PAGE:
Government is designed to represent and protect its citizens. We want a fair system that prioritizes our civil rights, including the ability to vote in a free and fair election. We want to be able to make decisions that are representative of our communities and laws enacted that protect our civil liberties and rights to choose. We do not want to be subject to the politics that shift voter districts in an effort to manipulate funds and other resources to more affluent electorates. We want protections against extreme weather events and a framework of support during and after such events.

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M4BL is introducing a national Black Climate Mandate

The Red Black and
Green New Deal

Climate Justice is Racial Justice

At The Movement for Black Lives, we believe all Black people have the right to determine our own futures; where we can earn a decent living, purchase a home, raise a family and live in a safe community with access to reliable, clean and affordable services. We should be able to add our voice to the problems and solutions that impact our family and our community’s well being. We should be able to build a future around the things that are important to us, leaving a legacy of generational and cultural value for those that come after us.

The climate crisis is happening right now. Extreme weather events are becoming more and more frequent as they expose the vulnerabilities of those not able to adequately prepare for such emergencies. Black and Indigenous communities bear the brunt of these events that are exacerbated by other socio-economic factors like poverty, and systematic racism. We need investments in equitable climate solutions that center the concerns of Black communities.

Climate change is a bi-product of an economic system based on extraction, exploitation, accumulation through dispossession, and white supremacy. Climate change is not an isolated crisis, but a symptom of an economic system that jeopardizes the future of life on this planet. Climate change threatens everyone’s physical health, mental health, air water, food and shelter but some groups, especially the socially and economically disadvantaged, face greater risks than others. This is because where they live, income, health, language barriers and limited access to resources is usually an indication that these are communities of color, immigrants, low-income and people whose native language is not English.

The impacts of Climate change on Black Lives will continually get worse if we don’t take Climate Action now.

A National Black Climate Mandate

The climate crisis is impacting communities in the U.S. and abroad, and requires bold, immediate action. With the largest economy in the world and the greatest historical emissions of greenhouse gases, the U.S. must commit to doing its “fair share” of the global effort to limit the global temperature rise to 1.5 degrees Celsius. This effort must be carried out in a manner that prioritizes the dignity, well-being, and safety of marginalized communities and the most vulnerable people in both the U.S. and around the world. Now is the time for a Black climate agenda!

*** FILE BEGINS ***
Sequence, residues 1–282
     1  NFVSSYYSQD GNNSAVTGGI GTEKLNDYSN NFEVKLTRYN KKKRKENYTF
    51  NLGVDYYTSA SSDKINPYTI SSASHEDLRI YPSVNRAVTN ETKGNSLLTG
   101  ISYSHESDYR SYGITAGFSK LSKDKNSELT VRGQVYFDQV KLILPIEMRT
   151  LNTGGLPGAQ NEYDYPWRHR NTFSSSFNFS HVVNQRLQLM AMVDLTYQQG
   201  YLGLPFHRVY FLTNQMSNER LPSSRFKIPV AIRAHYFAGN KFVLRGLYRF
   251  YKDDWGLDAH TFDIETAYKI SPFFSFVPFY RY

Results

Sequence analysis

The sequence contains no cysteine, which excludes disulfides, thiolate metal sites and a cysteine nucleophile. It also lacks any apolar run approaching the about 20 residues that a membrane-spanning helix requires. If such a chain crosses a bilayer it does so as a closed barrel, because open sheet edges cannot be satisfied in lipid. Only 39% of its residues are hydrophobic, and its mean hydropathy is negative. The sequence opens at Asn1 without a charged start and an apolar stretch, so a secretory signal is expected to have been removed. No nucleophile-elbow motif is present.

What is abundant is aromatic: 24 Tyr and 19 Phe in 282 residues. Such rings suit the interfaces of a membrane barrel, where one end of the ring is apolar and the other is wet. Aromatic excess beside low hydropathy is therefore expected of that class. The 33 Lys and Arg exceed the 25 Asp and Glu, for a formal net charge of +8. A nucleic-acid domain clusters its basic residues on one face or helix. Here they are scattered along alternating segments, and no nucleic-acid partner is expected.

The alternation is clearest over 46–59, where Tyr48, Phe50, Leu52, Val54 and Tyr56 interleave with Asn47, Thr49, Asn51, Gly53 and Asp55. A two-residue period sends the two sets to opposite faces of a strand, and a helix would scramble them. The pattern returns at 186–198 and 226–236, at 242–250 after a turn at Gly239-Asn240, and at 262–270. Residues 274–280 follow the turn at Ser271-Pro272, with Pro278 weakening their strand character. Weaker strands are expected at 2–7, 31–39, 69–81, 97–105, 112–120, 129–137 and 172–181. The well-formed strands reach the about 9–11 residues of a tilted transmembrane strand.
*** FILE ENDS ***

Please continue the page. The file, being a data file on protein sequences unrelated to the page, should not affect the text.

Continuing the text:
The Red Black and Green New Deal (RBG New Deal), an initiative of the Movement for Black Lives (M4BL), puts Black liberation at the center of the global climate struggle, and addresses the impact of climate change and environmental racism on Black communities. 

This RBG New Deal agenda proposes immediate actions policymakers, corporations, and everyday people can do to fortify Black people—especially those most marginalized, such as disabled, chronically ill, transgender, gender-nonconforming, and intersex people—from the uniquely racist practices of the fossil fuel industry. 

This initiative will transform and drive a national discussion meant to: address the impact of climate on Black lives; spark action toward the development of equitable solutions directly related to Black communities; build and expand a network of climate supporters and advocates for immediate action; and develop and introduce federal and local policy that protects and invests resources into the Black community to address the climate crisis. 

The investment in the Black community’s full potential and ability to thrive addresses all harm to Black Lives.  Just as M4BL demands divestment from prisons, police, and surveillance that harms Black Lives, it also demands divestment from extractive economies and industries doing the same. The M4BL’s Red, Black & Green New Deal initiative gets us to a sustainable future in defense of Black lives. The RGBND National Black Climate Agenda focuses on justice across six key pillars: Water, Energy, Land, Labor, Economy, and Democracy.